Flash in the pan. One-hit wonder.

For a musician, that label can be a double-edged sword. On one hand, it means that you're a has-been and that you were unable to repeat the success that you had with a hit song. (Depending on your age, think of The Archies, Dexy's Midnight Runners or Chumbawamba.)

However, if your hit was big enough, it likely will keep paying off long after your star has faded. You'll get royalties when it's played on oldies radio. You'll get invited to play on kitschy, nostalgic concert tours. It may not be what the musician dreamed of, but it can still pay.

For investors in one-hit wonder stocks, however, there's no upside. There's no recouping what you lost when you invested in these once-promising stocks at $80 per share only to see the value plummet to near $0.

In hindsight, it's pretty easy to see why these stocks crashed and burned. Many were likely doomed to fail from the start. Yet at the time, investors grew excited over the prospects of great fortunes being made in a once-in-a-generation stock pick.

Sadly, investors will keep falling for these 'can't miss' stocks. Yet you can avoid making the same mistake -- if you heed history's lessons.

Here is a sampling of some of the biggest busts of the past 20 years.


You've likely never heard of Presstek (Nasdaq: PRST), a small printing company. Today, its stock trades for just 47 cents, its market value is merely $17.6 million and it has been many years since the company turned a meaningful profit. But this was arguably the hottest stock of the mid-1990s -- as its stock soared from under $10 in 1994 to an eye-popping $80 by 1996.

Back then, investors were buzzing that Presstek had developed new technologies that would revolutionize the printing industry. Those claims were put forth by CEO Robert Howard, who had a checkered history with public companies going back to 1980.

shares really took off when ads ran on CNBC touting the home-run potential for Presstek. These ads were sponsored by an investment newsletter called the Cabot Market letter. But short sellers -- those who try to make money when a stock's price goes down -- smelled a fraud in the making and, soon enough, the Security and Exchange Commission (SEC) was looking into Presstek's claims of sizzling demand from new customers.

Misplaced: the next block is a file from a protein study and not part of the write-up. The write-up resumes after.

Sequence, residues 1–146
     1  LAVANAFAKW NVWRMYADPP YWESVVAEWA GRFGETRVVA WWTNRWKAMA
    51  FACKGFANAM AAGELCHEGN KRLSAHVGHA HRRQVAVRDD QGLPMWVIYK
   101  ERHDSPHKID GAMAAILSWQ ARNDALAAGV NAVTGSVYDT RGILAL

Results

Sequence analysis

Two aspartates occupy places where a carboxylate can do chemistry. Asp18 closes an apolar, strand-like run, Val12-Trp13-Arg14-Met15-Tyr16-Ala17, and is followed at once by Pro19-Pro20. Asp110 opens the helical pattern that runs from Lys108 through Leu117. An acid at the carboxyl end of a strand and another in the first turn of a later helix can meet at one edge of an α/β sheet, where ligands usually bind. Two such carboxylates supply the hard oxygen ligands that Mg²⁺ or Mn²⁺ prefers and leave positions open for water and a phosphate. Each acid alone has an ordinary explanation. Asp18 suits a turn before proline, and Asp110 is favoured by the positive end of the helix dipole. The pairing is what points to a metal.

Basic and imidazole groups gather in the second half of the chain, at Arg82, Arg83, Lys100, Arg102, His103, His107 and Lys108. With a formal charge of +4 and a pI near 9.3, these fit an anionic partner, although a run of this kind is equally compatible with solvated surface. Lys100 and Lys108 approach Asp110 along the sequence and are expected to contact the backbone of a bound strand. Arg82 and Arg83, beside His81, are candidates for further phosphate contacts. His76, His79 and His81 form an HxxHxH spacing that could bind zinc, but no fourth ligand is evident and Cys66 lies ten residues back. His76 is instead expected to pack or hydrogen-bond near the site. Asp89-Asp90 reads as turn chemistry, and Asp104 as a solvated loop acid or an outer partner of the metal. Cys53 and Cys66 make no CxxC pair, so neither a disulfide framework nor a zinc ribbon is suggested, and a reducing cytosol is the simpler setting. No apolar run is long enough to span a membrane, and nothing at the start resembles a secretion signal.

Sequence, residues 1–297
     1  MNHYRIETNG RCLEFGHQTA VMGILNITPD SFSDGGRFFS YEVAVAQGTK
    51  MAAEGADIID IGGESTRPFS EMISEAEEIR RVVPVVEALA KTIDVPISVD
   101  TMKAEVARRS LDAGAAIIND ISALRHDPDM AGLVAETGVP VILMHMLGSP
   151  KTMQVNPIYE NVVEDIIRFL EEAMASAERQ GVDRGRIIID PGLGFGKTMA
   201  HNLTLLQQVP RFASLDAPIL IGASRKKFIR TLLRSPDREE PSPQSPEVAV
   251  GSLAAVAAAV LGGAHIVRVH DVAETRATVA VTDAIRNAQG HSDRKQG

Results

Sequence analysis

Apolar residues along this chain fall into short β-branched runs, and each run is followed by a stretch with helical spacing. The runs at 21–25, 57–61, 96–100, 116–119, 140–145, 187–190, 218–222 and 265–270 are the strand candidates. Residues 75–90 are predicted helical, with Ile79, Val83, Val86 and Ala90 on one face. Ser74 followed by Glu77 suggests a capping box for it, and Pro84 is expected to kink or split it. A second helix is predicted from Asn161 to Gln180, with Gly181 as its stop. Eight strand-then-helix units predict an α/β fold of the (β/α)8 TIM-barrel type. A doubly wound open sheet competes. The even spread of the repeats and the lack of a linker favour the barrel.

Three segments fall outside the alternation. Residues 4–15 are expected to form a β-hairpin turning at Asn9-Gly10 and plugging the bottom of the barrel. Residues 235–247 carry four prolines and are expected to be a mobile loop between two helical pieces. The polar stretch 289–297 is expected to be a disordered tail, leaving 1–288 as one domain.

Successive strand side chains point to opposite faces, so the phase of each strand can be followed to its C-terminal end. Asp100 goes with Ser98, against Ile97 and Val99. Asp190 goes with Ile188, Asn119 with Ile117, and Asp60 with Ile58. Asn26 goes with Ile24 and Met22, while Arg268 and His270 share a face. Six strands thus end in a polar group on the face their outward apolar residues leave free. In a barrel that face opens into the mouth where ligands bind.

The whole scam eventually unraveled, and shares are now more than 99% lower.

Diana Corp.

Around that same time, investors were beginning to embrace what would eventually be an investing bubble in dot-com and telecom stocks -- and this company was the poster child for the era's excesses.

Diana Corp. had been in the meatpacking industry but decided its stock would fare better if it called itself a telecom company. Management began making the rounds in the financial media, suggesting that the company had developed a telecom switch which would -- here's that phrase again -- revolutionize the industry.

Investors who flocked to a company that claimed to leapfrog industry leader Cisco Systems (Nasdaq: CSCO) in terms of technology leadership got what they deserved. Shares briefly flirted with the $100 mark in 1997 before reality set in and shares eventually became worthless.

Palm, Inc., Boo.com And Other Dot-Coms

Of course, the late 1990s saw an explosion of IPOs that briefly attached billion-dollar valuations to companies with few customers and minuscule revenue bases. For every Amazon.com (Nasdaq: AMZN) that would go on to meet lofty expectations, there were another half-dozen or more companies that quickly vanished.

Names like Pets.com, Webvan.com, MyPoints.com and many others are now merely answers to trivia questions. At the time, however, many of these companies believed their own hype and lost all sense of financial acumen. For example, online retailer Boo.com spent nearly $200 million on ads in 1998 and 1999. By the following spring, it was out of business.

Remember the Palm Pilot? Well, investors loved the product so much that they bid up shares of Palm, Inc., to $95 on its first day of trading -- March 1, 2000. (Notably, the Nasdaq would hit its all-time high just eight days later).

By the summer of 2001, the last investors in this stock finally threw in the towel, as shares had lost more than 90% of their value from that first-day peak.


For the next half-decade after the dot-com bubble, investors seemed chastened, and few bubble stocks emerged. But by mid-decade, with the economy looking healthier, greed returned and investors once again went in search of 'too good to be true' stocks.

Few investors talk about Taser (Nasdaq: TASR) these days, as its shares languish around $5. But from 2003 through 2005, the stock had zoomed from $5 to $75, prior to a three-for-one split. Investors hoped that the company's non-lethal stun gun would -- wait for it -- 'revolutionize' law enforcement.

Well, non-lethal turned out to be a misnomer, as the occasional heart attack ensued and the company was smacked with a bunch of lawsuits.

The Investing Answer: The easiest way to avoid being burned is to stick with companies that have a proven track record. Even if you prefer to find stocks that possess robust growth prospects, remember to stick with the old investing acronym 'GARP,' which stands for Growth at a Reasonable Price. If you can find growth stocks that trade like value stocks, you are already ahead of the game.

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Paul Tracy

Paul has been a respected figure in the financial markets for more than two decades. Prior to starting InvestingAnswers, Paul founded and managed one of the most influential investment research firms in America, with more than 3 million monthly readers.

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